Innovators globally should make sure the devices and products they develop are tuned to the needs of blind people and those with other challenges right from the outset, the president of the National Federation of the Blind (NFB) in the US said an interview.
Mark Riccobono was in Israel last week as a guest of OrCam Technologies Ltd., an Israeli startup that has developed devices to assist the blind and visually impaired. He also visited the offices of Mobileye, a maker of self-driving car technologies, set up by OrCam founders Prof. Amnon Shashua and Ziv Aviram. Mobileye was acquired last year by Intel Corp. for a whopping $15 billion.
Riccobono’s main message, both to the companies he visited and in general to startup entrepreneurs in Israel and globally, was that “innovation and accessibility” should “go together.” In fact, he said, “accessibility is helpful in innovation, because you are thinking of innovating in a more dynamic way.”
To make sure innovators are providing answers to the needs of people who are visually or otherwise challenged, they must make sure they engage with “average everyday people with disabilities,” he said. They must then incorporate this input into their development.
Riccobono said that part of the purpose of his visit to Mobileye was to mobilize the Israeli company to become a “champion for this message” in the tech world and also especially with automakers.
“The ability to get around freely and independently is pretty important,” he said.
Autonomous vehicles are going to transform how transportation happens for everybody, he said. “For blind people, we need to make sure that the technologies that are built — the cars — have interfaces inside of them that are usable by blind people.”
“What we don’t want is for an autonomous vehicle to be sitting outside, but I have to go and knock on someone’s door to get them to program the car to take me where I want to go.”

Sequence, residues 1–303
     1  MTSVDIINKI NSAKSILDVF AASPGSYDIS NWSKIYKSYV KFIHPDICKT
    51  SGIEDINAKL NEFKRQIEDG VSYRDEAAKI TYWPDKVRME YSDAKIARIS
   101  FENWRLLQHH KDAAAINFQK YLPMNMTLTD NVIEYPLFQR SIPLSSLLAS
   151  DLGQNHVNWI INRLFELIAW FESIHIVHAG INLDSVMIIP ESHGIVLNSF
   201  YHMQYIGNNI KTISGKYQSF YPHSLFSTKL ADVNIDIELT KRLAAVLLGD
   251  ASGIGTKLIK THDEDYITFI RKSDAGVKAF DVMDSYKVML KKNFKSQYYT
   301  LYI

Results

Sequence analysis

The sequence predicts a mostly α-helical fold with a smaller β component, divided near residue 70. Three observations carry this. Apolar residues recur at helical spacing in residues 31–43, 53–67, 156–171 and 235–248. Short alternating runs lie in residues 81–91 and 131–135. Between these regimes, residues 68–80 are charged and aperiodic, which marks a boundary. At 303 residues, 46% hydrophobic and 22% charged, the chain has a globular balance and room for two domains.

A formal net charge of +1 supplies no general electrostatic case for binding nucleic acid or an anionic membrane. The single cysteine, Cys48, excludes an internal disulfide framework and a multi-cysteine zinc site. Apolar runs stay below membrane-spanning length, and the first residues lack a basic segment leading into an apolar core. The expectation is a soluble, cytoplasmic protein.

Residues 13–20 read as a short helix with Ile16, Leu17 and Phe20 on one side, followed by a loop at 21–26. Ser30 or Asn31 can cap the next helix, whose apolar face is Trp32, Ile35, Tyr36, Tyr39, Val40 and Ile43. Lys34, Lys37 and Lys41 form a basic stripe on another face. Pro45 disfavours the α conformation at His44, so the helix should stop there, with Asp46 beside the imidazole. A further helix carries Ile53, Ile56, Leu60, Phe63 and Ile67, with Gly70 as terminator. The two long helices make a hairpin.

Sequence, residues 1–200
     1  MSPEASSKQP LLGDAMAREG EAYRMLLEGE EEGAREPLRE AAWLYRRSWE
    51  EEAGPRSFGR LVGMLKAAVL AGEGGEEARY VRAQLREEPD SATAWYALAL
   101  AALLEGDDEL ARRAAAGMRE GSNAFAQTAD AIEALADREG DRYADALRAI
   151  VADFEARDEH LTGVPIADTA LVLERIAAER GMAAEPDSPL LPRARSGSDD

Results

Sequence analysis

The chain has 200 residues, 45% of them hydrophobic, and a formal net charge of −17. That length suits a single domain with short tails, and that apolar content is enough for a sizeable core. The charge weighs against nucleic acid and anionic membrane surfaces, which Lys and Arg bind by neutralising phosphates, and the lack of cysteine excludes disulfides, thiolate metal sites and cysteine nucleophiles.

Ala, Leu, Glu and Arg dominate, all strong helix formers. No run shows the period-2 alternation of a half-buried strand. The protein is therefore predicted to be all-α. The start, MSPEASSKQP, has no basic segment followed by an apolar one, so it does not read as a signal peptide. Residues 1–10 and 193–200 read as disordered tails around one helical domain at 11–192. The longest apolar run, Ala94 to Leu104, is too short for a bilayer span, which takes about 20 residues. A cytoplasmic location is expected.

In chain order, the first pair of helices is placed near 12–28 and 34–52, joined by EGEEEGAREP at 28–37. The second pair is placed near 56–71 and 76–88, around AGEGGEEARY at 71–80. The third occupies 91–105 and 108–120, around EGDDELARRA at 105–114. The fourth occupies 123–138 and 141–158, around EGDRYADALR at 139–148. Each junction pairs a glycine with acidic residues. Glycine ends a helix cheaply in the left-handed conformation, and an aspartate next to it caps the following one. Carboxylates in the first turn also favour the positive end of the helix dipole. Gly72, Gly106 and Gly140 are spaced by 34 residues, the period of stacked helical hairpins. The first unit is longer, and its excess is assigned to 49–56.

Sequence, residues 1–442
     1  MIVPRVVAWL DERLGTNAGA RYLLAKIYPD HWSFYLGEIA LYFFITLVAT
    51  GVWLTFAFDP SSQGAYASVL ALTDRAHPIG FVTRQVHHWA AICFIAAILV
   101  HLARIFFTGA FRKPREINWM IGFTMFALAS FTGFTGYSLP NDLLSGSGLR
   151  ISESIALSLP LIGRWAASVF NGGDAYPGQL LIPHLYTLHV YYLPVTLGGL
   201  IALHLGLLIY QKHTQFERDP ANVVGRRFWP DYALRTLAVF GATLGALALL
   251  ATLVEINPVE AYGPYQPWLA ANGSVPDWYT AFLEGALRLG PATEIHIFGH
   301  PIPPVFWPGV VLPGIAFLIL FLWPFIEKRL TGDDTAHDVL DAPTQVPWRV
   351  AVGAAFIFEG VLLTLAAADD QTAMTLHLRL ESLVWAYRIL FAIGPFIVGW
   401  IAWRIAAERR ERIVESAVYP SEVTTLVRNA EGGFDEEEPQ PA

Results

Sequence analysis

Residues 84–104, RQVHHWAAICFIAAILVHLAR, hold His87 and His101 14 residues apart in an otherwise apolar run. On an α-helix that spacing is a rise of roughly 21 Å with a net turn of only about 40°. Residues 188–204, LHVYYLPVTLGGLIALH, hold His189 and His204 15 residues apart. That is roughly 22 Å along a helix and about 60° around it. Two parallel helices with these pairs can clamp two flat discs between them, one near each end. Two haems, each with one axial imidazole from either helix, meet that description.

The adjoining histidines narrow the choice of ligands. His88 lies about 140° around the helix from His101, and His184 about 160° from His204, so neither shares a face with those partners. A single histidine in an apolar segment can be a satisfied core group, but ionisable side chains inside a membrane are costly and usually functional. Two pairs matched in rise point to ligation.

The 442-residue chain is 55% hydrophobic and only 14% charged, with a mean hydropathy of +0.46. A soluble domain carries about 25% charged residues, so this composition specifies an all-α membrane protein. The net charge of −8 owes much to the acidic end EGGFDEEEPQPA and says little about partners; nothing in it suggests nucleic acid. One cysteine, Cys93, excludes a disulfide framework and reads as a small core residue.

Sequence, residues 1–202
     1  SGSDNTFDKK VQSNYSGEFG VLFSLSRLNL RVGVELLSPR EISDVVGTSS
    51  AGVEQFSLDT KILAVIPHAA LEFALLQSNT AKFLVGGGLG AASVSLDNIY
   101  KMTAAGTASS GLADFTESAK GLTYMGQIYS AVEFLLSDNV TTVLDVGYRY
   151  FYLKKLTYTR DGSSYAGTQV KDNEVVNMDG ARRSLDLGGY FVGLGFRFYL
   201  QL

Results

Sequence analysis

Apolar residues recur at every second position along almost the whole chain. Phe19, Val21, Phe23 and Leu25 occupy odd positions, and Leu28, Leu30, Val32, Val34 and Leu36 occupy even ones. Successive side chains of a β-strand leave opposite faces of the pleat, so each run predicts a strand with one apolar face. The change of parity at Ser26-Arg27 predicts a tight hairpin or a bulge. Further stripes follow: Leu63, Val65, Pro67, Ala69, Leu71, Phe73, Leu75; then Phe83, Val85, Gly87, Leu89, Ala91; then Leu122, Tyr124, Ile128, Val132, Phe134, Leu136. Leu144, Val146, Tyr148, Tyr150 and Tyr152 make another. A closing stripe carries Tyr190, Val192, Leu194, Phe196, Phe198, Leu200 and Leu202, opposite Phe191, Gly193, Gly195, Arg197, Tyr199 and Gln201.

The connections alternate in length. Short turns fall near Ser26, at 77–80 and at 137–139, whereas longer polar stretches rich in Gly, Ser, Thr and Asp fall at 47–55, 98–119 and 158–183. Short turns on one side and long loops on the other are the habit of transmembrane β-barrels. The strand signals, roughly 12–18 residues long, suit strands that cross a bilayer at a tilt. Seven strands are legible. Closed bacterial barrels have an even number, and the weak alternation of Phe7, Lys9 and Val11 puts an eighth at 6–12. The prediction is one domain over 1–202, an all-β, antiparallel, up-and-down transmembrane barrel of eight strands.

The NFB is the one of the largest and most influential organizations in the United States focusing on advancing the interests of blind individuals, with some 50,000 members and a presence in all 50 states.
The organization is known for advocacy and lobbying efforts and is an important political voice on issues pertaining to accessibility. In recent years, the NFB has also been very active on policy regarding autonomous vehicles. Its stated goal in working with companies is to provide feedback to improve products’ abilities to help blind and visually impaired individuals.
During his visit, Roccobono, who is also blind, tried out the OrCam technology and also took a ride in one of Mobileye’s self-driving cars that the tech firm is piloting in Jerusalem.
“It was pretty cool,” he said, with the autonomous car navigating traffic in the city and on the highway at “55 miles an hour or something.”
OrCam, founded in 2010, has developed two devices that are used by thousands of people globally.
Its OrCam MyEye artificial vision device helps people who are blind and visually impaired navigate the world. Its AI-driven software uses a high-resolution video camera and smart algorithms that analyze what the camera is seeing, and reads back the information to a user in real time.
The wireless product is basically a little camera with a mount attached to a computing device, weighing less than an ounce and the size of a finger, with a personal speaker on the other end. When the OrCam camera is attached to the frame of a pair of glasses, users can point to text on any surface, and the speaker transforms the image into words, reading them out to the users, thus enabling them to “read” newspapers, restaurant menus, or books. The device can also be programmed to recognizes faces and products.
The company’s other product, the OrCam MyReader, focuses on reading only and is good for people who can see but have trouble reading, for example those with dyslexia or who have suffered a stroke.
The company is also working on a new product called the OrCam MyMe, which will serve as a personal assistant to any user, recognizing faces and whispering their names into the ears of forgetful executives or keeping track of what a person eats.
What Riccobono liked about OrCam’s “very powerful” MyEye device, which he had already tried out in the past, he said, was its “intuitive interface” which does not require much training to use.
The technology is helpful in that it allows a blind person to read printed info “without having to wait around for someone else to read to you,” he said, “You can access the information on your terms and when you want it.”
Would the federation endorse the product? “We have to test it a lot more,” Riccobono said, “take it out in the world and use it in all sorts of places,” and see how easy it is to use for a longer period of time, he said.
Whatever the feedback, he said, “I am pretty confident… OrCam will be open to receiving that feedback and acting on it,” he said.
The challenge ahead for OrCam, he said, will be to see how it responds “to feedback from the folks” who use the technology.
“The development team that OrCam has is one of the most significant development teams in the world in terms of working on technologies for blind people in a focused way,” he said. “We want to harness the power of that think tank along with the authentic experience we have as blind people.”